The Committee concludes that the Common Agricultural Policy Delivery Programme has been "unsuccessful in many respects". In particular it finds that as a result of repeated failures in the Programme, "many farmers are being paid later than in previous years".
The Rural Payments Agency (RPA) makes 105,000 payments each year to English farmers and landowners under the Common Agricultural Policy, amounting to £1.8 billion.
Since 2012, the Department for Environment, Food & Rural Affairs has been leading the Common Agricultural Policy Delivery Programme, together with its delivery bodies, the RPA and the Government Digital Service, to develop a single IT solution for new regulations that came into force in 2014.
Cost of Programme £215 million
In January 2013, the Cabinet Office reviewed the Programme and as a result seven significant changes were made, increasing the level of innovation and risk. The Programme was originally forecast to cost £155 million, but this has increased by 40% to £215 million.
In today's Report, the Committee concludes the three key bodies involved in delivering the Programme were unable to work together effectively.
It highlights the impact of "dysfunctional and inappropriate behaviour" between senior officials, "potentially costing the taxpayer hundreds of millions of pounds in financial penalties".
Digital front-end "inappropriate"
The Report states: "Highly paid public servants need to get the job done and such behaviour is unacceptable."
The Programme's lack of consistent priorities and changes in leadership caused disruption and delay, says the Committee. It also describes the Government Digital Service's focus on developing a digital front-end for the Programme as "inappropriate for farmers", noting that "there is poor broadband coverage in many rural areas".
In the Report's recommendations to government, the Committee says the Department "should review its approach to tackling serious failures of management and put in place measures to stop this ever happening again." It also urges the Department to set out "clear milestones" in the coming months for when it expects to pay farmers for future years and when it will return to previous performance levels.
Meg Hillier MP, Chair of the PAC, said:
"This Programme was set up to deliver support to UK farmers. Instead, it delivered an appalling Whitehall fiasco.
It was frankly embarrassing to learn of senior and highly paid civil servants arguing to the detriment of hard-pressed farmers.
Explanations such as 'We worked on different floors' and 'We dressed differently' are a slap in the face to them and a dismal excuse for failures that could severely hit the public purse.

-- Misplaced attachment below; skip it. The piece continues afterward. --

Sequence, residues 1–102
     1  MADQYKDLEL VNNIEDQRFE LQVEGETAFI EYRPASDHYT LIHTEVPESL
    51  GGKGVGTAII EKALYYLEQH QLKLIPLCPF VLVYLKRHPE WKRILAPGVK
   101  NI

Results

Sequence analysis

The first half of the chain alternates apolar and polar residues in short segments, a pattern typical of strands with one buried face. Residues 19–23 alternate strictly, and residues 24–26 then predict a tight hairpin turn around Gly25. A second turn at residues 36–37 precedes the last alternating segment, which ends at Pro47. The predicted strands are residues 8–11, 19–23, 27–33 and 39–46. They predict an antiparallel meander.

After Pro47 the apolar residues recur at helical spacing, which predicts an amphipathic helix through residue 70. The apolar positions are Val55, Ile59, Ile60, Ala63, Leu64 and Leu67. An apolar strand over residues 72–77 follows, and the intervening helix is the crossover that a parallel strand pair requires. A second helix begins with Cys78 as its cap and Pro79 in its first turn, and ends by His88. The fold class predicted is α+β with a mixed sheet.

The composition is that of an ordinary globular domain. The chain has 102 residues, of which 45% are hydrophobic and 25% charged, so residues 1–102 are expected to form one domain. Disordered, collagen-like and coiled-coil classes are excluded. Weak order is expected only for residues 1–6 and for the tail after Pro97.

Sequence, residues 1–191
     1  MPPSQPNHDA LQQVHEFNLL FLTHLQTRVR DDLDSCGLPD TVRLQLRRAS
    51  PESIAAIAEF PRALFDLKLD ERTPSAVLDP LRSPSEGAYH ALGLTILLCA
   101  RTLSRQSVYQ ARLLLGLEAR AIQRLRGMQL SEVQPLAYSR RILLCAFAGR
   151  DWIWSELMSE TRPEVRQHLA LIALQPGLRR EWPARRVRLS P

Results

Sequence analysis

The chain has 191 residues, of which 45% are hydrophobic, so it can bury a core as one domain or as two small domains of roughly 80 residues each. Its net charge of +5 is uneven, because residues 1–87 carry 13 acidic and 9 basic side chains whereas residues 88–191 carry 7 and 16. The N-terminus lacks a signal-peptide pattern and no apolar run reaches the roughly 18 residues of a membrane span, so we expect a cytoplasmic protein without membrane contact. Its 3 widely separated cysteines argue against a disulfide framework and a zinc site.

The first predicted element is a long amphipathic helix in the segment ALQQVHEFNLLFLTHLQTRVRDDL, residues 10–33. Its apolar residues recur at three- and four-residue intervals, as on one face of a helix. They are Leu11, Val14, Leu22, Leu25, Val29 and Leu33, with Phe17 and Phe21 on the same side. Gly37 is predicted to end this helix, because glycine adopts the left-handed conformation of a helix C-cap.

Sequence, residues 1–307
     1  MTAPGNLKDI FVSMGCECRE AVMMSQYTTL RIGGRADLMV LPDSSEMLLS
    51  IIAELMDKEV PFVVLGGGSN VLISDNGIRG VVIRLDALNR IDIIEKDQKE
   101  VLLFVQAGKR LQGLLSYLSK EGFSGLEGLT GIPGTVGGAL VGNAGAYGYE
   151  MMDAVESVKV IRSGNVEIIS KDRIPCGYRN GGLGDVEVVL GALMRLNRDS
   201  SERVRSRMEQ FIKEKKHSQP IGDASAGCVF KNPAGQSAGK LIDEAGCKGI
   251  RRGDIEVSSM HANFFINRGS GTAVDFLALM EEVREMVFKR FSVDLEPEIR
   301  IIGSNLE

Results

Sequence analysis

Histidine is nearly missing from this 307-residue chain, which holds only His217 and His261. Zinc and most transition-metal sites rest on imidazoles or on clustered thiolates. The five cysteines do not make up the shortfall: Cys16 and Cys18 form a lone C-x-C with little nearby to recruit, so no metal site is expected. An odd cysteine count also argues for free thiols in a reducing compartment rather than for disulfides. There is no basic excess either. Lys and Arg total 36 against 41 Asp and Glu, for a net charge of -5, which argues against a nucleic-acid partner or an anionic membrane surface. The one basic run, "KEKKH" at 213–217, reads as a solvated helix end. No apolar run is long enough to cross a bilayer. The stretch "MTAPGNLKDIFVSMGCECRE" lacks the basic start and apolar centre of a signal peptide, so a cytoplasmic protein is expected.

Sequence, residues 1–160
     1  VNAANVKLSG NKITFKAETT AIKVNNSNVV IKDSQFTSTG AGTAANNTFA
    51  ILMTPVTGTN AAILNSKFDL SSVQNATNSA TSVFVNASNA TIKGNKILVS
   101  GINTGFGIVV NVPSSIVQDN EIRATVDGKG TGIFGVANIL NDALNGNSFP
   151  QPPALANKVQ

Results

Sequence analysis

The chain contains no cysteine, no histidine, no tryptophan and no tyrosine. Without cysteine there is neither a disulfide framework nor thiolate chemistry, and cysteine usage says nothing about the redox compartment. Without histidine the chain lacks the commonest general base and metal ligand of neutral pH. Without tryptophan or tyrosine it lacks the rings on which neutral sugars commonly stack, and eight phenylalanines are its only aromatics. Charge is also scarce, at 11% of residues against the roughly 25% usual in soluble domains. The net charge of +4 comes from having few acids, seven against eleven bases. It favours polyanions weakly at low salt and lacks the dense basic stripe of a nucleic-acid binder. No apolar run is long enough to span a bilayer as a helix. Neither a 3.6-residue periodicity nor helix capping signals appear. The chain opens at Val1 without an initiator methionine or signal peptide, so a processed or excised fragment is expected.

A fundamental part of setting up this Programme should have been to establish a clear and robust vision of the final product, focused on the needs of farmers. For it to end up as a digital testing ground was wrong-headed.
The enduring mental image is of managers, having seemingly lost sight of the purpose of the project, devoting their energies to a childish turf war instead.
If the Department is to build trust in this Programme and other projects it first needs to rebuild trust with farmers.
That starts with setting out exactly when it expects to pay them in future and we will be expecting the Department to address this as a matter of urgency."
The Department for Environment, Food & Rural Affairs has a history of failure when developing systems to support subsidy payments for farmers under the Common Agricultural Policy.
The Common Agricultural Policy Delivery Programme was intended to address past failures, but was unsuccessful in many respects. Payments to farmers have been delayed at a time when their cash flow is already stretched.
The three key bodies involved in the Common Agricultural Policy Delivery Programme—the Department, the Rural Payments Agency and the Government Digital Service—were unable to work together effectively.
"Dysfunctional and inappropriate behaviours"
Dysfunctional and inappropriate behaviours amongst senior leaders were inexcusable and deeply damaging to the Programme.
An inability to agree a clear vision for the Programme meant that the frequent changes in leadership were accompanied by changes of direction, shifts in focus and further disruption.
The Government Digital Service was created to help improve IT projects, but instead hindered delivery of this Programme. In addition to delaying payments to farmers, programme costs have risen by 40% and penalties from the European Commission are likely to increase significantly.